Valley college grads returning home to the nest
ASPEN – They’ve been called “boomerangers,” “nesters” and maybe most accurately, “the young unemployed.”
For reasons that mostly stem from a stagnant economy, recent college graduates nationwide have had a difficult time finding employment in their field of study, and would be fortunate to find any employment at all.
Those young graduates raised in the valley are no different.
Twentysomething Inc., a research and consulting firm, found that as much as 85 percent of new college grads will return home to live with their parents. The lack of jobs and massive college debt is not providing opportunities for grads to afford housing and pay for their own meals.
“After 20 years of preparation in school and finally completing it, I’d be pissed to have to go home and live with my parents,” said Connor Marx, a second-year student at Colorado Mountain College.
Marx, 20, is originally from Minnesota and said he plans on earning his two-year associate degree and moving back to Minnesota to attend a four-year school to earn his bachelor’s degree. He does not yet know what he wants to study and has been taking prerequisite courses.
“I’m pissed at the situation. We’re ideally supposed to be raised well, finished high school, go to college and have a specific degree for a specific occupation and that is supposed to set you up for success,” said Marx. “It doesn’t seem like that’s happening.”
Cody Chamberlain, an adviser at CMC, said that in his two-year tenure at the Aspen campus he has noticed trends that differ from the traditional route young people take to further their education.
“A lot of [students] are being more practical,” Chamberlain said. “They are understanding that they need to get a job. I think there is that pressure too from their high school counselors when they’re graduating and also from their family and their parents.”
That practicality means some students might not be following their passion. He said he sees more students going to school and getting into programs such as nursing, where jobs are available. National statistics show the demand for registered nurses is greater than most other professions.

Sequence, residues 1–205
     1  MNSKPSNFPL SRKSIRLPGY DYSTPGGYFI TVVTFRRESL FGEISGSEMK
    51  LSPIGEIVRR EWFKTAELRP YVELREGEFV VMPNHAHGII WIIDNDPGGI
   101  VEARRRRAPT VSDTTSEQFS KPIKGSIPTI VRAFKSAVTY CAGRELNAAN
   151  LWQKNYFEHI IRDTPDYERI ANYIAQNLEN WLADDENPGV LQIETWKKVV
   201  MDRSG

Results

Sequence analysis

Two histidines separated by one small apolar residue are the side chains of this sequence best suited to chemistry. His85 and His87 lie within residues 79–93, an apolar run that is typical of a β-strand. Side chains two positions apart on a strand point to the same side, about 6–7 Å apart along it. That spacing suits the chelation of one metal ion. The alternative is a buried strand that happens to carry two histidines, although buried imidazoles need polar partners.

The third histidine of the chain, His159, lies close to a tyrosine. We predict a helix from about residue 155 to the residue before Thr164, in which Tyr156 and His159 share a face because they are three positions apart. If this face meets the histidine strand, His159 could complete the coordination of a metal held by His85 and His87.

But Chamberlain explained that having an associate degree is becoming more popular for its convenience. Squeezing in time to take classes is difficult for someone who needs to work in order to meet day-to-day needs. And higher education is rapidly becoming more expensive, especially at four-year universities.
Colleges and universities are pumping out graduates faster than they can find work. Some are beginning to consider whether the cost of their education outweighs the benefits. Chamberlain said that it is never a bad idea to seek out schooling.
“I think that a lot of people are still wanting that college education. Once you get your education, no one can take that away,” he said.
Chamberlain also stressed the importance of networking and seeking out opportunities to gain experience, such as internships. He said school can open up some doors, but the more proactive students are, the more opportunities become available.
Jon Jay, a boomeranger, attended the University of Denver and finished last June. He grew up in the valley and graduated from Glenwood Springs High School in 2006. He has been absorbed into the growing population of young people looking to begin a career, and has moved back home.
On a full-ride academic scholarship, Jay earned a master’s degree in global economics in five years. He also completed an internship with U.S. Sen. Mark Udall, D-Colo., in Washington, D.C.
Jay, who has ambitions of working for the state department and becoming a diplomat, has been applying for fellowships and teaching opportunities overseas. He said that he needs the experience for his resume. Like Chamberlain, he explained the importance of networking to get hired.
“If you don’t know anyone, you don’t have a shot,” Jay said. “It’s not just turning in an application anymore. It’s making a follow-up phone call, sending a thank-you note after an interview – that is, if you’re lucky enough to get an interview.”
Currently, Jay works as a substitute teacher for the Roaring Fork School District and a lifeguard supervisor at the Glenwood Springs Community Center.
Jay said attending college was always a priority for him. But unexpectedly, he has found it more difficult than he thought to get a job, especially with his strong credentials.
“I don’t recall anyone ever telling me that this process was so particular,” he said.
Jay is trying to stay positive, which is the only thing many recent grads can do.
“The biggest thing is since I have to live at home, I’m pretty darn happy that my parents live in the valley. That’s kind of the silver lining to my failed goals,” he joked.
Marx shared that sentiment, saying he’s going to enjoy Aspen while he’s here studying and will use the experience to help him decide what he wants to do long-term.
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